22 films to watch in 2022

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A hero

With a deliberately ambiguous title, A Hero is the work of one of today’s masters, Asghar Farhadi. Two of his most touching films, A Separation and The Seller, each won an Oscar for Best Foreign Language Film (before the category was renamed), and the latter is up for this year’s award. Once again, his characters embody the clash of tradition, morals, politics and a changing society in today’s Iran. With Farhadi’s usual eloquence and precise, intimate observation, the story follows Rahim, a flawed but extremely sympathetic man jailed for debt. When he gets two days off and tries to figure out a way to pay off that debt, a small act of dishonesty gets out of hand and the glare of social media makes his problems worse. (Caryn James)

Released in the US on January 7th

Beautiful

This cyberpunk update to Beauty and the Beast received a 14-minute standing ovation when it premiered at the Cannes Film Festival last May – and it’s easy to see why. Mamoru Hosoda’s dazzling anime is a fairytale romance, high school soap opera, superhero action flick, and sci-fi mystery all in one. More than that, the film is a technical marvel in which every frame sparkles with a seemingly endless array of tiny details. Her heroine is a Japanese schoolgirl too shy to sing in real life, but who becomes a world famous pop star in a virtual reality community. Everyone is desperate to discover the true identity of their pink-haired, blue-eyed alter ego – and when Belle meets the mysterious and monstrous Beast online, she desperately seeks to find out who he is, too. (Nicolas Barbier)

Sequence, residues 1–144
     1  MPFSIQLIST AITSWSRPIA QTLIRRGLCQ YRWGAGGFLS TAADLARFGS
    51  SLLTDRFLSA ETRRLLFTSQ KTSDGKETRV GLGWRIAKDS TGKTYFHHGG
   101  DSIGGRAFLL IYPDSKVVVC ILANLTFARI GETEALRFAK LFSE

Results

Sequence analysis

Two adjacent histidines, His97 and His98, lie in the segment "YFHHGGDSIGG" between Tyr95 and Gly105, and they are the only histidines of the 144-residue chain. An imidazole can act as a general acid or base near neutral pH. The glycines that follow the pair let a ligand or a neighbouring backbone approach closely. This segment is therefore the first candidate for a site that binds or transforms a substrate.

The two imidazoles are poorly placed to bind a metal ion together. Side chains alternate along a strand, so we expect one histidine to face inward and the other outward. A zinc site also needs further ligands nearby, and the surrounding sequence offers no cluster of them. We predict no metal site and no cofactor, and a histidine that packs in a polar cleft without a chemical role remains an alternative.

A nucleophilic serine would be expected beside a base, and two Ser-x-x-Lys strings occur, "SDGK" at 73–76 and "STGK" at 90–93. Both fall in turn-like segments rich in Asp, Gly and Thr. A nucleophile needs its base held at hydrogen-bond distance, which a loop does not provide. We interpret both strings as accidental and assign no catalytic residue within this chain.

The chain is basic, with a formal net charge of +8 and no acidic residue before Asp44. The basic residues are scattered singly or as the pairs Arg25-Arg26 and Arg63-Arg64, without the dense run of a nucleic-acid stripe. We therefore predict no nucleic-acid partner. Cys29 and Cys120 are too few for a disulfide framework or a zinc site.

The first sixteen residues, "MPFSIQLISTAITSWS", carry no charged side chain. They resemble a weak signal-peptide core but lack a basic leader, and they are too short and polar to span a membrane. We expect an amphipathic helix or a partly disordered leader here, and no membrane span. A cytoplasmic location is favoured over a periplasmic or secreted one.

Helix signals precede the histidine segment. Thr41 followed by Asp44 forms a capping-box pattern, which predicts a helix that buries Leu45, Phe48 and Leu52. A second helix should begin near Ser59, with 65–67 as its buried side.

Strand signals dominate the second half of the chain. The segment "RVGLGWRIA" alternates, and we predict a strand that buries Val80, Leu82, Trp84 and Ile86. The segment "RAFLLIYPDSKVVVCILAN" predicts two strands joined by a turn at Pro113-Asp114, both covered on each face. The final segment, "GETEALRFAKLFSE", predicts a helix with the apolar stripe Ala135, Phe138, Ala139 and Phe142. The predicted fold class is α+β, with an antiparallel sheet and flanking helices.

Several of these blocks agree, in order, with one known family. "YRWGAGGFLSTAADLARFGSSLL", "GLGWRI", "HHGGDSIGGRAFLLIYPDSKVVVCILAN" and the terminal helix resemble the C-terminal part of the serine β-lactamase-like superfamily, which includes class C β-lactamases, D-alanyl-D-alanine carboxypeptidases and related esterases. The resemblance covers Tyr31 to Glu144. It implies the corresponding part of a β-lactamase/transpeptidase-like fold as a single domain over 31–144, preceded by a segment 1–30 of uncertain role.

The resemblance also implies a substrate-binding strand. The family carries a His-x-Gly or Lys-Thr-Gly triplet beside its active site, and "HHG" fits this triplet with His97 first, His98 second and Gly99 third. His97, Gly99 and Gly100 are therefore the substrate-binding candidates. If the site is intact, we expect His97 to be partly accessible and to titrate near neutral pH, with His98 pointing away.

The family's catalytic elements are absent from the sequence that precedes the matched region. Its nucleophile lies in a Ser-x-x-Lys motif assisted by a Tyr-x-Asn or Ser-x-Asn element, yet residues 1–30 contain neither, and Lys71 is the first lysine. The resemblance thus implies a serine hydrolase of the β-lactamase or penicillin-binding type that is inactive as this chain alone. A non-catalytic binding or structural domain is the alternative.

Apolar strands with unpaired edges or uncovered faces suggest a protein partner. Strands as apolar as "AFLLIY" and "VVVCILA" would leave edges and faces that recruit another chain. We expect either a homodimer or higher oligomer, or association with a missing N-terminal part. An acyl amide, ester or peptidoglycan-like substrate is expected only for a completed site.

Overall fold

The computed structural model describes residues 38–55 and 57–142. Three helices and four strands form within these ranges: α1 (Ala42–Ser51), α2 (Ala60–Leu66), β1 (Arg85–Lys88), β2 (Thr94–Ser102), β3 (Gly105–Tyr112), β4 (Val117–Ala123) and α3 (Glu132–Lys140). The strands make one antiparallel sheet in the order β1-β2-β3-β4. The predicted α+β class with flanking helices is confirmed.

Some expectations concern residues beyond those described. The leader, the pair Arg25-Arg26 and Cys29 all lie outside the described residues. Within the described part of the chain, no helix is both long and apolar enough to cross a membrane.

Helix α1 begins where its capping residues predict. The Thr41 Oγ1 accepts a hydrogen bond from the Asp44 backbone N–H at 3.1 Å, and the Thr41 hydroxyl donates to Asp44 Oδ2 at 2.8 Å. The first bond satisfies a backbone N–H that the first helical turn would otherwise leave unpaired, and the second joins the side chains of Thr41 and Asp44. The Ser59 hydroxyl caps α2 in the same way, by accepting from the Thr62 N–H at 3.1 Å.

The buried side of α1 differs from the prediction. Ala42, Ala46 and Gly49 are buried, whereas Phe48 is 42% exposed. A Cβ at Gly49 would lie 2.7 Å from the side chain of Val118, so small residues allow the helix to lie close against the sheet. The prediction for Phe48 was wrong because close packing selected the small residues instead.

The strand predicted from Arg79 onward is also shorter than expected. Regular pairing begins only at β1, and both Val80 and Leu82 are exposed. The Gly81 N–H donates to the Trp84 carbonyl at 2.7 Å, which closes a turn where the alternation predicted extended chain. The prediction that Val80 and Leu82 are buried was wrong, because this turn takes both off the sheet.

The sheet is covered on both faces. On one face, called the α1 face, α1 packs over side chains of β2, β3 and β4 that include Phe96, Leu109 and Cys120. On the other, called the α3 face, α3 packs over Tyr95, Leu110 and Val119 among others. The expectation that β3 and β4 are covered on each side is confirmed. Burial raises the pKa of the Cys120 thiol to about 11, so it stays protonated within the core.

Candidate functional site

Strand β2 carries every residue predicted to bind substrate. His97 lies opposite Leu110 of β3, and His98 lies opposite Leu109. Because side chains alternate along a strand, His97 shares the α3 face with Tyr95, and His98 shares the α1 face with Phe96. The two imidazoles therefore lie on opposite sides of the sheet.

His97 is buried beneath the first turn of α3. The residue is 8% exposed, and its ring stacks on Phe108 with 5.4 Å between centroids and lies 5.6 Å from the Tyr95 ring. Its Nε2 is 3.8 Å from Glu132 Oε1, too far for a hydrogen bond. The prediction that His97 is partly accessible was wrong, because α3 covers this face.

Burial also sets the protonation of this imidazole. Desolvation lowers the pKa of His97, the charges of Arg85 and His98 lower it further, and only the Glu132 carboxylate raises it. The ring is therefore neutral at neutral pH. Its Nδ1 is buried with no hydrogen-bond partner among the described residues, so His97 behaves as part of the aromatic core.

Released January 14 in the US and Turkey, January 20 in Italy and February 4 in UK and Spain

The batman

Robert Pattinson channels his inner bat in this grammatically accurate latest reboot. It’s not Batman, it’s the Batman. And if you thought The Dark Knight was a cranky guy, think again. Matt Reeves, who co-wrote and directed, told Empire he viewed his version of the crime fighter as a Kurt Cobain-inspired recluse, until a dirty and worn out Batsuit. Pattinson has the right brooding game for it, portraying a hero who is only in his second year saving Gotham, still finding his way as he takes on the ruthless Riddler (Paul Dano). Colin Farrell, under layers of prosthetics, is The Penguin. But apparently there’s going to be a bit of humor amid the darkness and violence, including the comedic moment in one of the trailers, when The impassive Batman to Catwoman (Zoë Kravitz), from its husky, ultra-serious voice, “You have a lot of cats.” (JC)

International release March 4

Everything everywhere at once

The directorial team known as Daniels (aka Daniel Kwan and Daniel Scheinert) turned eccentricity into an art form in 2016’s Swiss Army Man, their funny, blacker-than-black comedy about a flatulent corpse. Their new film, with a title suggesting controlled chaos, leaps into science fiction. Michelle Yeoh plays a woman whose simple and relevant attempt to finish her taxes takes her through multiple universes, where she can exist as different versions of herself. The cast includes Jamie Lee Curtis as a villainous accountant who gets in his way. The trailer suggests a moving family story, martial arts extravaganza, and a deserved showcase for Yeoh, all shaped by Daniels’ out of the ordinary manic style. (JC)

Released in the United States and Canada on March 25

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